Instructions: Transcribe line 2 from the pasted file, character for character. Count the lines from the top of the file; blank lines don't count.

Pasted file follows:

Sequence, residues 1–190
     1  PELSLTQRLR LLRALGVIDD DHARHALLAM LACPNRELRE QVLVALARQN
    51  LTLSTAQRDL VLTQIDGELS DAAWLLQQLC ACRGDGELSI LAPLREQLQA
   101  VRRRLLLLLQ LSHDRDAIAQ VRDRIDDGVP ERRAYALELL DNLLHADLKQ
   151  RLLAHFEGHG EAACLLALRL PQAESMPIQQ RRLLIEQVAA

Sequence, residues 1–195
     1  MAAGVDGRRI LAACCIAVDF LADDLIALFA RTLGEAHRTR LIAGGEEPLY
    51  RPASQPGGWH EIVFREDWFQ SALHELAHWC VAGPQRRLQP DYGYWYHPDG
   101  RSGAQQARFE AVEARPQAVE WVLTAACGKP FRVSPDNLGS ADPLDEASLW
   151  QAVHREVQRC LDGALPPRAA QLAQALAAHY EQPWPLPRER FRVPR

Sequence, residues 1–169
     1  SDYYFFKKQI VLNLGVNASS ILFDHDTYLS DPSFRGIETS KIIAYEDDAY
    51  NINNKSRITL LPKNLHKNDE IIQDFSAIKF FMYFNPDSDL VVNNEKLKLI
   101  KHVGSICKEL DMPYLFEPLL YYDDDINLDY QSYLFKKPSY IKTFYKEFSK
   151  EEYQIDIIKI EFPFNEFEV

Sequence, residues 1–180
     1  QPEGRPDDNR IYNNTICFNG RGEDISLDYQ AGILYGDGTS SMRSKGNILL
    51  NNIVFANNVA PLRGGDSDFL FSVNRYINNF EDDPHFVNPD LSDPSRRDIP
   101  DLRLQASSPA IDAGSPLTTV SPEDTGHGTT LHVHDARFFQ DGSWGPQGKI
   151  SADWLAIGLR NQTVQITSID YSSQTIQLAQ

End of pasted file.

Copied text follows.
     1  PELSLTQRLR LLRALGVIDD DHARHALLAM LACPNRELRE QVLVALARQN